Look how the wood comes alive after being polished…

Wood nightstand after applying beeswax polish

Attach New Handle

Finally, attach your new drawer pull. I used this Home Depot handle with a simple mid-century style.

You can use a tape measure and painter’s tape to help measure and mark where you want to drill holes for the handle.

Then step back and admire your handiwork!

Mid-century modern drawer pull on nightstand

New Look for an Old Nightstand

Here’s the refinished nightstand in my guest room. The yellow paint helps warm up the decor, and the cubby is perfect for holding books that tie in with the travel theme.

The nightstand also matches this mid-century desk in the opposite corner of the room. I used the same Golden Pecan stain, and the colors turned out very similar in both projects.

If you’ve been thinking about trying a DIY project, a nightstand makeover is a good place to start. It’s small and simple, with beautiful results.

Mid-century modern nightstand with new Golden Pecan stain and yellow paint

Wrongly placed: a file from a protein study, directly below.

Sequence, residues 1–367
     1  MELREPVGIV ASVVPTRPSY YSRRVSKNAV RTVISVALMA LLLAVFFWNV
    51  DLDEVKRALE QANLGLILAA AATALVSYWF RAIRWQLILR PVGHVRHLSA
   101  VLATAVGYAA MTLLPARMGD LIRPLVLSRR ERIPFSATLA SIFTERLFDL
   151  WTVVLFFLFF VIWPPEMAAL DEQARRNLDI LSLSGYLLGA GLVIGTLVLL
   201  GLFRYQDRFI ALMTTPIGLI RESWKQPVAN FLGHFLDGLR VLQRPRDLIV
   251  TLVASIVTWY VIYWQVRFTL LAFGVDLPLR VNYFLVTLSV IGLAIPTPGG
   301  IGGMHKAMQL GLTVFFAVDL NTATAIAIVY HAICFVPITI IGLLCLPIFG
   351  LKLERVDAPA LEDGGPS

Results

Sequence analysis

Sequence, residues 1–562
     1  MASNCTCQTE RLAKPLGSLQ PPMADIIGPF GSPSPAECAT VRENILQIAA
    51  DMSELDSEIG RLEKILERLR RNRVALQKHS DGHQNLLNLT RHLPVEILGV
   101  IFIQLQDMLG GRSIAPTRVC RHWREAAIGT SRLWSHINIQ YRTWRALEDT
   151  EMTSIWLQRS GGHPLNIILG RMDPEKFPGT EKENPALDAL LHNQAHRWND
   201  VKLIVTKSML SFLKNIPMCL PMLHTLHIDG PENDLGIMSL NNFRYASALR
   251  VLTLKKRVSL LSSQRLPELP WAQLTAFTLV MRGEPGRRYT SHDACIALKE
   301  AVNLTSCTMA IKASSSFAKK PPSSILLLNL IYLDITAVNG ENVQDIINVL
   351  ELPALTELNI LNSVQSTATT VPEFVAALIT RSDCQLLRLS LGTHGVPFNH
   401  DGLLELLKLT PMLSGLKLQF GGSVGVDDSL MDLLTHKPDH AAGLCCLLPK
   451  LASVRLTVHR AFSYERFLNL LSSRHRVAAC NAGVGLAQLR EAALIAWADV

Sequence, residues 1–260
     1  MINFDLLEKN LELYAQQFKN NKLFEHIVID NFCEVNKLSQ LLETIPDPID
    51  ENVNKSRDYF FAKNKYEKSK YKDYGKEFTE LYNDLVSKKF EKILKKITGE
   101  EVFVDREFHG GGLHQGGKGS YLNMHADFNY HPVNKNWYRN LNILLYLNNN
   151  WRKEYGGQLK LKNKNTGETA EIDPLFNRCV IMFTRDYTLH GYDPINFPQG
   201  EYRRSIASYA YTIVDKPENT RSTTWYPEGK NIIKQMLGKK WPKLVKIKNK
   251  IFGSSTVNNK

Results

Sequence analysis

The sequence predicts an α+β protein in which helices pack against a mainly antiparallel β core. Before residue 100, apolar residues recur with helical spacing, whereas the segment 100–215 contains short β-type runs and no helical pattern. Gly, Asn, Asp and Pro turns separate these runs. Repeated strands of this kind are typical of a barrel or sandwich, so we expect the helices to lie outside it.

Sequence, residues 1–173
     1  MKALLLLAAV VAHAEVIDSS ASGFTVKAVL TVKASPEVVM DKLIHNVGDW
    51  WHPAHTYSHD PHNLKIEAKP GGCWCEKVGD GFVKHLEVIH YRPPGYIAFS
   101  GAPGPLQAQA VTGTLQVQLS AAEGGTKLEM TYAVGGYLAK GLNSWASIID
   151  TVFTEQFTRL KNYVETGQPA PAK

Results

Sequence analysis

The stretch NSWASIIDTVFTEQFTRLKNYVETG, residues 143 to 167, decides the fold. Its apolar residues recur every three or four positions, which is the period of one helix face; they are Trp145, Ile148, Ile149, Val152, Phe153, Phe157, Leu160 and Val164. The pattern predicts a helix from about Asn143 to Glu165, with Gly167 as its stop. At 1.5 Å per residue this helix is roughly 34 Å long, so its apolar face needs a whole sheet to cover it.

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4 thoughts on “Mid-Century Modern Nightstand Makeover With a Splash of Paint”

  1. Awesome DIY on “refreshing” the mid century nightstand!! I love the paint color you chose for the cubby..such a happy color! It’s a perfect addition to the downstairs guestroom. (Brings to mind my high school classes in the 1960’s…I had Home Economics supposedly learning to sew and do some cooking.(eye roll). We had to trade and take shop and make something..,,of course mine wasn’t as great as your uncle’s nightstand ..it was a cutting board shaped like an apple which I still have!) Anyway I digress…another great H & H post with easy to follow DIY instructions. Go Tara!!

    Reply
    • Thanks Judy! The guest room is so cozy now. I spent a lot of time trying to find just the right yellow paint, and I’m really happy with the Brass Mesh color.

      I’m so impressed with your apple cutting board! I need to try something like that. 🙂

      Reply